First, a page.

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Visitors with a cause
Groups travel through area for fundraising
Former Marine Nic Doucette starts out his day launching from Eagles Roost Resort in Cassville Monday after spending the evening in the community. Doucette, along with fellow unit member Gabriel Vasquez, are traveling the Mississippi River this summer to raise money for the Semper Fi Fund, which helps injured veterans, including two members of their unit who lost legs during a deployment.

    At the beginning of this month, not one, but two different groups traveled through Grant County.

  Their purpose here was two-fold. One reason was endurance, proving to themselves they could handle a cross-country excursion. But the second, and more important reason behind their travels was to raise money and awareness for those neighbors who are in need.
Former Marines raising money
for the wounded

  Its Monday morning at the Eagle’s Roost Resort in Cassville, and Nic Doucette asks what the latest weather report is for the morning. The report from last night was for storms to move in sometime in the day, along with good-sized hail, and he is wondering if he should have his rain gear out for the next leg of their trip.

   Weather is just one of the many things that he and his friend Gabriel Vasquez think about as continue their journey down the Mississippi River, but any worry pales in comparison to their cause. The duo, who got to know one another while serving in the Marines, have been making their way down the river from the headwaters as part of a fundraiser for the Semper Fi Fund, which helps injured Marines when they make it back home, making their lives a little bit easier.

   “They are there to offer grants, assistance to alter homes, vehicles - anything to make life a little easier for them,” said Nic, who had the idea for traveling down the Mississippi as a fundraiser, and spent the better part of a year planning it.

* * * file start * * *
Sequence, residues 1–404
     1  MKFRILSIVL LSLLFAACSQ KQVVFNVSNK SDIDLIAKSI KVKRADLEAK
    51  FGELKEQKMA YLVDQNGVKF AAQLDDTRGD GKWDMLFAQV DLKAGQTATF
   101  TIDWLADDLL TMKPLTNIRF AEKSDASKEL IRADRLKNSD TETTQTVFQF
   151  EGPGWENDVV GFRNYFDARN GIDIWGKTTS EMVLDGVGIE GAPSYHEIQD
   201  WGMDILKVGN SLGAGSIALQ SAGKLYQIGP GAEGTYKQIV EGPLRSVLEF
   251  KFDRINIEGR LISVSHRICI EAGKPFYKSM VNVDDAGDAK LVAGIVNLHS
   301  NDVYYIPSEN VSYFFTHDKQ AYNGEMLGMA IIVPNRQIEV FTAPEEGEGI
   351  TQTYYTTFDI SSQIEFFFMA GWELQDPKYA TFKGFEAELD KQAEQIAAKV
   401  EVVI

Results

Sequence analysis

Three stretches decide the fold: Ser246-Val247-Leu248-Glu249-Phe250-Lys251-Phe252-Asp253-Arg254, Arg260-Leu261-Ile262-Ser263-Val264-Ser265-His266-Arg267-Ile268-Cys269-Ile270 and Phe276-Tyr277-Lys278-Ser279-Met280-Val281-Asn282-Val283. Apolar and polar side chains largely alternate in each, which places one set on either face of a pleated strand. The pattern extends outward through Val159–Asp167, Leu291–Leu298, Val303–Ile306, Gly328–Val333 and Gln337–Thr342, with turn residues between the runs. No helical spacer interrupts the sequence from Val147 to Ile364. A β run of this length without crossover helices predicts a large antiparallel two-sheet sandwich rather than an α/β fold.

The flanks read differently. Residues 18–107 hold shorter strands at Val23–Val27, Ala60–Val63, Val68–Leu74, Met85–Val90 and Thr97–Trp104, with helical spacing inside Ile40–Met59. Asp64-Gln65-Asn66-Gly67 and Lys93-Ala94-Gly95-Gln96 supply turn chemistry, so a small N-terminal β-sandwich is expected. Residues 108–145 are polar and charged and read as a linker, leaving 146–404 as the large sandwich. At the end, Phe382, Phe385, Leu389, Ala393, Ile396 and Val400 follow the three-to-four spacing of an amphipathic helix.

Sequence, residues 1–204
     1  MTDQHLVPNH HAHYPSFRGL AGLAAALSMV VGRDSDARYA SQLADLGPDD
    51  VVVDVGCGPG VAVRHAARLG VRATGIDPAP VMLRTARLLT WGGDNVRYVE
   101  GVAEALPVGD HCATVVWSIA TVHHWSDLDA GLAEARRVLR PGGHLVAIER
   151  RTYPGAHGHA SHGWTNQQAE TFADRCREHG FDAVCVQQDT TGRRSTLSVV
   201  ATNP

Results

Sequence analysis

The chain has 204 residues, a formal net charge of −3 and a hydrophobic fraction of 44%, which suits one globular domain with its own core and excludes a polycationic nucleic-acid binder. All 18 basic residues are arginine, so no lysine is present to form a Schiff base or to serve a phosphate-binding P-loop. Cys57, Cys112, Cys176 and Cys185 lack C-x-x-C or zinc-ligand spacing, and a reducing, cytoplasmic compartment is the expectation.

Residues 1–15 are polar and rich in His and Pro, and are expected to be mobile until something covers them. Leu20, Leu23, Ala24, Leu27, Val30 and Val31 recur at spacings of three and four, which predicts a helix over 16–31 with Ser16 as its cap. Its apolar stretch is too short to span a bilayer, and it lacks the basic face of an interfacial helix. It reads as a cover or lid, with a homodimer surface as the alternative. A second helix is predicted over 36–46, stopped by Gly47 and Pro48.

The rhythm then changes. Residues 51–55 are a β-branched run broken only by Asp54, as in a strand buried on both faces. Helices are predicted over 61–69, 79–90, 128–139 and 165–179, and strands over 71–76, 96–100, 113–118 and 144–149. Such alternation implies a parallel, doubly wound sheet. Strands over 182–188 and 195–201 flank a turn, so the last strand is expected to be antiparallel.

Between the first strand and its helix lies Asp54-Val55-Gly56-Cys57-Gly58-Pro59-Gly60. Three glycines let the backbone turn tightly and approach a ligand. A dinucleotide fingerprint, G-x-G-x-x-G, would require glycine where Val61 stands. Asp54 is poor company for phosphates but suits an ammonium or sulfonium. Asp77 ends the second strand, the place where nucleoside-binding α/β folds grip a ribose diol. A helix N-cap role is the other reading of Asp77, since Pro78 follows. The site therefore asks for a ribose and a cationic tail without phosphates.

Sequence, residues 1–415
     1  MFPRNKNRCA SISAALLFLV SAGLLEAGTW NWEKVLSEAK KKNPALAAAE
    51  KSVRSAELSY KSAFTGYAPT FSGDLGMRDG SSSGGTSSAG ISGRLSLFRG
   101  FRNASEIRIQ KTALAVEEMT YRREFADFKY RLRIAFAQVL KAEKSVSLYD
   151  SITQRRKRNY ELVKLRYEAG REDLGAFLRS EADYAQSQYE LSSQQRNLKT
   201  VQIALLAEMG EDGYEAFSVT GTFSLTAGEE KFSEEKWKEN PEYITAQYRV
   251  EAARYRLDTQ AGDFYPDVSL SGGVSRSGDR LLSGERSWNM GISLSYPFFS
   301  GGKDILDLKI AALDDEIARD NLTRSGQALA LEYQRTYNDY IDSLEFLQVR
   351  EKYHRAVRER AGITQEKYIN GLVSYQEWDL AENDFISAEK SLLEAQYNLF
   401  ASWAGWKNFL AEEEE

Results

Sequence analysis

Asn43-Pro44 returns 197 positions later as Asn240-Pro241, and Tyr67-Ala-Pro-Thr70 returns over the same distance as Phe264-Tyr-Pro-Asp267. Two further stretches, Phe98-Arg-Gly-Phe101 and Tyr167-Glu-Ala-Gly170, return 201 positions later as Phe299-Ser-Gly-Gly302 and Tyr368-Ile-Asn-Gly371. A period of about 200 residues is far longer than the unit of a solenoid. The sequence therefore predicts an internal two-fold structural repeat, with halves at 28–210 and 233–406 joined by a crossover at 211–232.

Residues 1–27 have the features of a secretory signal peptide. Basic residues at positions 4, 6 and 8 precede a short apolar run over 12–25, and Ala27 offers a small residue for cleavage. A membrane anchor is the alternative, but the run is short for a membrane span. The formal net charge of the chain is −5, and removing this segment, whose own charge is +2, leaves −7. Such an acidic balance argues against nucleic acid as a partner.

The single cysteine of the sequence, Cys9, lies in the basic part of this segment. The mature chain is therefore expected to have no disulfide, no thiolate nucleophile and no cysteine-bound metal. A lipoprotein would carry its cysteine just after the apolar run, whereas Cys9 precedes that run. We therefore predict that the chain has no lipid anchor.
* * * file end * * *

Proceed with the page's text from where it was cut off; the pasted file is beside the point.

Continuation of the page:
Choosing the Semper Fi Fund was a simple one for Doucette, who is a native of Jefferson. That fund helped two of the members of their unit who lost their legs during their deployment. “They said this is one who helped us,” Nic recalled.

    Doucette said that what he likes about Semper Fi Fund is that it has a low overhead - only 4 percent of funds go for administration, the rest goes to helping those Marines injured. Nic said that the inspiration was going fishing with canoes, and proposed the idea of taking the trip as sort of a super long extension of that.

   “Everyone jumped on board, but as the plans got serious - and I was serious about it - friends just started dropping out,” Nic continued.

   At the time, Nic figured he would be doing this solo, and decided a kayak made more sense. He then posted his plans on Facebook.

   Enter Vasquez, who was still in the Marines at the time last fall when he saw Nic’s post. He said that he was game, and the start of the trip coincided with Gabriel’s exit from the military.

   “I did eight years, and I flew out the next day to do this,” Gabriel said.

    Neither one would say they had any real considerable experience kayaking, yet the novices took it on. Now, with 600 miles under their belt, they are pretty confident about the trip.

   “I am having a lot of fun,” Gabriel said. The native of Austin, Texas, Vasquez noted that as a city boy, he hadn’t even ‘really camped’ until this trip, and it was his first time in the Midwest.

   Doucette said for him, the time through Wisconsin was special. “Its nice being back in Wisconsin, where you can pull ashore, walk into a bar and see the Brewers on TV,” he said. “Its so refreshing being back home.”

   While they have been camping during this trip, they also have been relying on the hospitality of people they have met along the way. For example, Jackie Hirsch had read an article about Nic and Gabriel’s cause and contacted them to offer a place to stay in Cassville. “She said ‘you have a place to stay when you hit Cassville,” Nic recalled. Several offers came to them via social media.

   In addition, more Marines helped by the fund also reached out and showed their support. “It really kind of confirmed that we made the right decision,” Nic said.

  The pair have a goal of raising $25,000 by the end of their trip, and just a couple of days ago they reached the halfway point of $12,500.